20140225-174102.jpg Some Wellington sunshine, about time!

I was a bit disappointed with the finish on the shoes when they were dry, they had that slightly copper sheen that you get when you colour something in with a black or navy sharpie. However, once I gave them a good polish, that went away, and they became a lovely shiny navy. To finish them off, I used a navy grosgrain ribbon in place of the brown laces.

Pretty spiffy! And a much better colour against my pasty legs…

I wore them out for the first time on Friday night at Art Deco weekend, for a spot of dancing. They were pretty comfortable, and the smooth, hard soles were perfect for spinning on the brick footpaths we used as a dance floor! Art Deco weekend was amazing, as usual, though it got very hot on Saturday (35ish degrees! Ridiculous!) My Gin and Tonic Jasmine blouse had its first outing on Sunday, for the Gatsby picnic, and I wore my refashioned cloche all three days. I even managed to get Monsieur into a cravat! I think not wearing a tie was an appealing option, in that heat…

20140225-175126.jpg I even found a vintage car to match my outfit!

Valentine cardigan refashion

While I was packing last week, I had a huge clean out of my wardrobe, and took heaps of stuff to the Salvation Army. I was rutheless, but I still have so many clothes! I found this cardigan in my ‘Broken’ pile, I somehow managed to lose a third of its buttons, and it was worn in one elbow and really pilled. But I love the colour, and its a nice soft knit, even if it is acrylic! I didn’t get any before photos, but it just had plain plastic buttons the same colour as the fabric.


The first thing I did was remove the remaining buttons, and then shave it to get rid of all the pilled patches (yep, shaved. With a bic razor. i don’t have a special de-pilling doo dah, but a razor seemed to work just fine, even if it would have looked very strange if anyone had walked in while I was doing it…) Then I sewed on the new buttons. I’m still not sure about them, they might be a bit Sergeant Pepper. I wanted round gold ones to go with the gold polka dots on my patches, but I may change them later.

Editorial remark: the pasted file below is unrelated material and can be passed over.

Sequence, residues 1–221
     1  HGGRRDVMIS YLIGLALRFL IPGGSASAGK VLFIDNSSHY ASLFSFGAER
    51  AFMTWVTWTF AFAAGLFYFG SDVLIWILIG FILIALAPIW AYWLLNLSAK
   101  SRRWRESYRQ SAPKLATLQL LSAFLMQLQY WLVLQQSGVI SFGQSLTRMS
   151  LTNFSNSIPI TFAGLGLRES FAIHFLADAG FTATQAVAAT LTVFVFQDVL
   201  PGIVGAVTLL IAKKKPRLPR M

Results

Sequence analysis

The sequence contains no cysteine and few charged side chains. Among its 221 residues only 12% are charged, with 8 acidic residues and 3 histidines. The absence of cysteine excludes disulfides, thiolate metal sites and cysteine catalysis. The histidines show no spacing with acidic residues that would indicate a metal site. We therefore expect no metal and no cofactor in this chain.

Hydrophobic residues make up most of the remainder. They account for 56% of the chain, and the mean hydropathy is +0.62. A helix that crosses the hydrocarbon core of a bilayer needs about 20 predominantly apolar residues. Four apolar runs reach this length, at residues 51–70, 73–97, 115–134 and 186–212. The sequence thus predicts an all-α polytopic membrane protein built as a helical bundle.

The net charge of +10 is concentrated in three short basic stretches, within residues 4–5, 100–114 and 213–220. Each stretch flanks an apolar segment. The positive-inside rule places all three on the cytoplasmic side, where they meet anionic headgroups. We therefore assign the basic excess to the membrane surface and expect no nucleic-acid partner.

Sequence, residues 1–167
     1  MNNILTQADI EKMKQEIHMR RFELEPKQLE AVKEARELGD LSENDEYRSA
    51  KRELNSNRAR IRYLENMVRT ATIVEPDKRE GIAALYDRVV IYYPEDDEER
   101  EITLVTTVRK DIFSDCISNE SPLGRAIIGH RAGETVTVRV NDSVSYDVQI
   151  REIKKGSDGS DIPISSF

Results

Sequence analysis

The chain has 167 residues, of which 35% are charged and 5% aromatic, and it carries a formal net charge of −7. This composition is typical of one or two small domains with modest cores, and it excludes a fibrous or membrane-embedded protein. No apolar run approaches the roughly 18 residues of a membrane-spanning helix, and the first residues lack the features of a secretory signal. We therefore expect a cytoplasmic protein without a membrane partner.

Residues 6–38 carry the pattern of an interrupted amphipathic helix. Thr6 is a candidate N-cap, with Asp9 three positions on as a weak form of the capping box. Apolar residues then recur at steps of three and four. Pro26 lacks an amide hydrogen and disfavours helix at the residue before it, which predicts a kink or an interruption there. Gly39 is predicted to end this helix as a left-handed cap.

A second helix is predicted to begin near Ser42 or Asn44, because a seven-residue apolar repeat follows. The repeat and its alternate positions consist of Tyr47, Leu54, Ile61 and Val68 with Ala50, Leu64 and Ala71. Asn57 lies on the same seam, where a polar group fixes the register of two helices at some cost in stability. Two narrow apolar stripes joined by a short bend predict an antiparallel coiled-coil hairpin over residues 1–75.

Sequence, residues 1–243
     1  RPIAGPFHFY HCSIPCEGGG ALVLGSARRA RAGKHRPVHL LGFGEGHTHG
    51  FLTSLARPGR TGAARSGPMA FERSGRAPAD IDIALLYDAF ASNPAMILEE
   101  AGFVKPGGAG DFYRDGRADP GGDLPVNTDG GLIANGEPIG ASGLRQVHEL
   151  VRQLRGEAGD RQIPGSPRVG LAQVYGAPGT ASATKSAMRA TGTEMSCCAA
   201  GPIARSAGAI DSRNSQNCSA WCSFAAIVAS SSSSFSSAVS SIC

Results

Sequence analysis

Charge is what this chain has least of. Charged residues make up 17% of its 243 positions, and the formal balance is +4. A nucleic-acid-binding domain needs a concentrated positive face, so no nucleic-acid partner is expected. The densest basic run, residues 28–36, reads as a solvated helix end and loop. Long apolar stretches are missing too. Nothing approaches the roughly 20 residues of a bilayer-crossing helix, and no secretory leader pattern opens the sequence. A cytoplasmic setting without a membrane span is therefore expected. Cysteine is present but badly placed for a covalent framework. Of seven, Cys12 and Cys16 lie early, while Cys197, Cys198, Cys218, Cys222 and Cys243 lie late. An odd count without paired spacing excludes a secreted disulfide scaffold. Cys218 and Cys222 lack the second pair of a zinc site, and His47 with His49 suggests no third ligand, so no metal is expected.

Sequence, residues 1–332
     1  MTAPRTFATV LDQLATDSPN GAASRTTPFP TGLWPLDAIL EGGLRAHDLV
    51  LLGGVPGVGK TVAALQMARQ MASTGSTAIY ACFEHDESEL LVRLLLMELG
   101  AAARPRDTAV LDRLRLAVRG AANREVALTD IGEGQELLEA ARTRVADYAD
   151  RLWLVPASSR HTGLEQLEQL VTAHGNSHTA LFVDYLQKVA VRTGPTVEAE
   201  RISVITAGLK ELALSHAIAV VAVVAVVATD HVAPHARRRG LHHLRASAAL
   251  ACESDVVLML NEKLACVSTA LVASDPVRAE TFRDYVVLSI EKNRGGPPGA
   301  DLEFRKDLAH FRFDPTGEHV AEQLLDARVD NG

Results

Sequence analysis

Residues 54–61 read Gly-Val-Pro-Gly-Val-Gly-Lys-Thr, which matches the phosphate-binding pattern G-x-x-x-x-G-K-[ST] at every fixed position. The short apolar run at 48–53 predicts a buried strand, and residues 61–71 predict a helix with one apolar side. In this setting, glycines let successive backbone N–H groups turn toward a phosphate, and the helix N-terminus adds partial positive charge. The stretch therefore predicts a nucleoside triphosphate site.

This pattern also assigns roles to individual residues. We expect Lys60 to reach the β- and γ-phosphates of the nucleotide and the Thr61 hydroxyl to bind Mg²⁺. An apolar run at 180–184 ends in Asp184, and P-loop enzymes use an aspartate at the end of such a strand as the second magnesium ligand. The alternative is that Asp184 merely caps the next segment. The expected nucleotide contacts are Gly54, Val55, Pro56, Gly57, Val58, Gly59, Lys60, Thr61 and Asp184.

The patches are made from scraps left over from my Briar tee shirt. I just cut out two hearts free hand, I didn’t want them to be too perfect. Then I hand stitched them on to the elbows, making sure I had them even and over the threadbare patch! Sewing them on would have been much easier if I had some iron on fusing stuff, but they do feel nicer without that extra layer. Luckily I inherited a spool of thread in exactly the right colour in the assortment of random sewing things I got from my Nana with the sewing machine.


(Why yes, I am wearing a cardigan and a scarf, even though its February. Pick up your game Wellington, we’re running out of summer!)

I had big plans to get my camera out today and take proper photos with the timer, but the battery charger has disappeared somewhere in the move…I hope its in a box somewhere, and didn’t get thrown out. So its back to selfies taken with the iPhone. I had so much trouble trying to get photos that showed the elbow patches and which didn’t make me look totally moronic/like a contortionist. I had the added complication of having to stand on a little end table to get enough of me reflected in the mirror, obviously tall people hung the mirror in the hall!

I’m hoping to get my Datura blouse sewn up before I go on holiday on Friday, I’ve had to wait for a nice enough day to pre-wash and dry the fabric! But its out on the washing line now, hopefully I’ll manage to get it cut out tonight and finished by Thursday…